Here we are. 2021 has staggered to a close and a new year has begun. COVID is still in the daily news, our professional world is still a constant mix of virtual and in-person, and we never did get our “old normal” back. In fact, it seems to me that we’re learning to hold this “new normal” lightly, knowing full well that it can change again at any time.
As professionals, this includes taking the challenges faced in the past two years and using the lessons learned to make us more flexible, more resilient, leaving us better prepared for a world that can turn on a dime.
So I did a little digging. I asked the ATA ID’s Leadership Council members and the blog team what COVID and other challenges in 2021 had taught them, and found some common themes.
Acceptance of what is
“I learned that it’s ok not to be ok. The pandemic has changed our lives in so many ways that I’ve come to see greatness in the little things. The smell of coffee, a warm bed, a smartphone and high speed Internet. Moreover, I am so grateful for the professional virtual community that we’ve created.” – Natalia
Anytime we’re torn abruptly from our comfort zones there’s a tendency to resist. We can become so resistant, in fact, that we become bitter or fail to recognize the options we do have. Acceptance is an essential survival skill in the face of unavoidable change.
“I personally embraced RSI, but from a “hub.” Either I go to my teammate’s home or they come to mine.” – Milena
Investing time and money in technology at a time when work has slowed to a trickle or long-term clients have shut down may seem counterintuitive. But whether it’s setting up an RSI hub, buying better headsets, or getting an Ethernet line run to the right part of the house, obtaining and mastering the tools to meet our clients in the world we—and they—now live in, makes it an investment worth making.
“I worked almost exclusively in conference settings before the pandemic. During the pandemic, it has been medical and court interpreting as well as translation that make up my lost income from conference.” – Maggie
The ability to provide a variety of services opens up new revenue streams, and those different services often strengthen each other. The research we do for a translation may provide the vocabulary needed for a new interpretation client. Simultaneous work in conferences may boost our skills at the defense table. “Multiple baskets for multiple eggs” equals greater security as well as flexibility.
Openness to new modes of working
“I’ve come to accept that maybe, just maybe, remote work gives me access to technological resources that make me a more effective interpreter in some circumstances.” – Rafael
I don’t know about you, but for me, the fact that something is comfortable is often the reason it becomes a rut. There might be more efficient or effective ways to do things, but before we can find them we have to be willing to do so.
“I think I came out of it with more challenges than solutions, unfortunately.” – Andreea
It can be disheartening to see others bouncing back quickly. But “faking it till you make it” often produces burnout. Our individual circumstances are not the same and so our solutions aren’t, either. Being honest with ourselves about where we are is one of the best lessons we can learn from this pandemic.
Protecting the work-life balance
“As a new mother with a little baby to care for, I accept more RSI than before the pandemic. It may not be ideal, but I don’t need to travel a few days or weeks at a time and it gives me the work-life balance that I otherwise wouldn’t have.” – Maggie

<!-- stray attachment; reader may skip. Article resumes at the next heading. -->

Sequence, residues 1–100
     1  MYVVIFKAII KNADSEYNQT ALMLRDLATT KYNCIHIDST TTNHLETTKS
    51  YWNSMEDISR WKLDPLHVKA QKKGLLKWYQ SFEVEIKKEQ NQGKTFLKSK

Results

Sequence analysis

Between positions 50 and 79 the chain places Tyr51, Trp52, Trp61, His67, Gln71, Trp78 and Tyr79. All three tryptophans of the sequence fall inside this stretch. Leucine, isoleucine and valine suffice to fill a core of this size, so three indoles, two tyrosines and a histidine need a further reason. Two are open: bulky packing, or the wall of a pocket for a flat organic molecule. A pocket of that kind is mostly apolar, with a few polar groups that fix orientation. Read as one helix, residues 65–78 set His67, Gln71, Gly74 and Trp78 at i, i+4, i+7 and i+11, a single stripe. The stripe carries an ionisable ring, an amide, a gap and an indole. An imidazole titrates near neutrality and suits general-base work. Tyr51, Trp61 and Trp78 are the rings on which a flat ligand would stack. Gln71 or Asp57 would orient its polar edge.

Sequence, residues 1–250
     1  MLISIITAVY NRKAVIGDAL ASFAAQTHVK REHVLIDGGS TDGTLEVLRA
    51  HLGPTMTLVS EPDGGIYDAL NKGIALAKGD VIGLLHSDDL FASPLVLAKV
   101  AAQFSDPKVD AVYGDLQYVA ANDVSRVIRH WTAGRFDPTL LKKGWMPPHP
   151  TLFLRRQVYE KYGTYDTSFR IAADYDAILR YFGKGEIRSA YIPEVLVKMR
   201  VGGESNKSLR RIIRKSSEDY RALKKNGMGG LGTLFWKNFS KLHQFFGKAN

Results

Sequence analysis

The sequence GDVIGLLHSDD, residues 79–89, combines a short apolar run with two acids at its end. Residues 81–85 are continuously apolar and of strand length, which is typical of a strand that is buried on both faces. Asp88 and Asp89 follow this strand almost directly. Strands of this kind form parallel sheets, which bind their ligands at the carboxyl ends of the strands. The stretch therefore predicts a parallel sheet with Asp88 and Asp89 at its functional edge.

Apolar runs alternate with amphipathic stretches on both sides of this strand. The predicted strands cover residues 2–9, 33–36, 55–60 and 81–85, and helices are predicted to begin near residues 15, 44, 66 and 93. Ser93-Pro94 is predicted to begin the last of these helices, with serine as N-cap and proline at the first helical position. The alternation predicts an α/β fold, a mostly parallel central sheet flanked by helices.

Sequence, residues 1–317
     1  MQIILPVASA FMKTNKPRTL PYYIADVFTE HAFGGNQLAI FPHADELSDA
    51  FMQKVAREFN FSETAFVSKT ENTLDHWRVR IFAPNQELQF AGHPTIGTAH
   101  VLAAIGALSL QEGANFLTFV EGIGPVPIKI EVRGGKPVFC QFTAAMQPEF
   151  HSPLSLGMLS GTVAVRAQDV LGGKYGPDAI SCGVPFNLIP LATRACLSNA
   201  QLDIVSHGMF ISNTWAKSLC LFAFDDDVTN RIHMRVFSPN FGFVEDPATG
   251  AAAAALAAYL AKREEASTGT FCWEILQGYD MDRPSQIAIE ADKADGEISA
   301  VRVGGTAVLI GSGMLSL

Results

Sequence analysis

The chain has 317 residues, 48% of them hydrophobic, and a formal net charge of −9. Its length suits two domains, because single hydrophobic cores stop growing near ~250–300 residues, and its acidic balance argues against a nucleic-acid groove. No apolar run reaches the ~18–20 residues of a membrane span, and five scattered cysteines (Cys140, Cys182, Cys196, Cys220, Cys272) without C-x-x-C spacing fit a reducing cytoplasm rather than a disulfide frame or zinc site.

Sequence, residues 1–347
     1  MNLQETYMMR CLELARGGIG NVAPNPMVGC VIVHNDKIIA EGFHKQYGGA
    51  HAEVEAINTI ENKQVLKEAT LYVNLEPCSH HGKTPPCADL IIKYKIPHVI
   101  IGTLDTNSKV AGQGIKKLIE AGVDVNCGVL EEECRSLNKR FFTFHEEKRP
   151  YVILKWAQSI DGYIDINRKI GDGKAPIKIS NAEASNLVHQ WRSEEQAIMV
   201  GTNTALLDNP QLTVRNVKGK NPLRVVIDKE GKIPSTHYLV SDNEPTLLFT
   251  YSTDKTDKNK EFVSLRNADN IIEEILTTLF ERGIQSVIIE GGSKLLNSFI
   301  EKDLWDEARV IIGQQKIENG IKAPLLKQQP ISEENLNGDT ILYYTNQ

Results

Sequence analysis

For some, it might be regular lunch dates with a friend; for others, a shared work space. Helen even moved from one state to another to improve her work-life balance. Whatever the solution, mental and emotional health is everyone’s concern. Learning to balance life helps us cope with the prolonged stress of a global pandemic and the resulting professional challenges.
“The moment that stood out for me in 2021 was when I was in the waiting room after receiving the first dose of the vaccine. I was strongly moved by this moment in time. I was in awe of the power of science and the resilience of humanity. It felt like a new beginning.” – Yasmin
Take a beat. Step back and recognize the progress achieved, whether in the global pandemic or in your own personal or professional journey. Marking those points of “new beginning” can offer energy and perspective.
Choice of focus
“We can focus on those we’ve lost; on the stress of caring for sick loved ones without risking illness ourselves; on the loss of work and income caused by clients’ budgetary issues. Or we can be thankful that we are still here, that a lot of us were able to get training virtually that we wouldn’t otherwise have been able to afford, that our translator and interpreter community has stepped up to help, and that perhaps we are on the way to finding new and more efficient ways to do our work. After all, a grateful heart is a happy heart.” – Gaby
Gratitude is a powerful force, and gratitude seems to be the perfect place to pause this exploration.
What about you? What lessons will you take into this new year to keep you healthy and agile, both professionally and personally? You’re invited to add to the list, either in the comment section below or on Twitter, LinkedIn or Facebook. Let’s continue the conversation and help each other stand strong in 2022.
-Carol Shaw, Editor
The ATA Interpreters Division leadership would like to express our appreciation for all of you, and wish you every success in this new year.
In addition to our email forum and the range of services on our website, such as the Blog and a Resources page, the ATA Interpreters Division invites members to connect with us on social media. Join the conversations on LinkedIn, Twitter, and Facebook!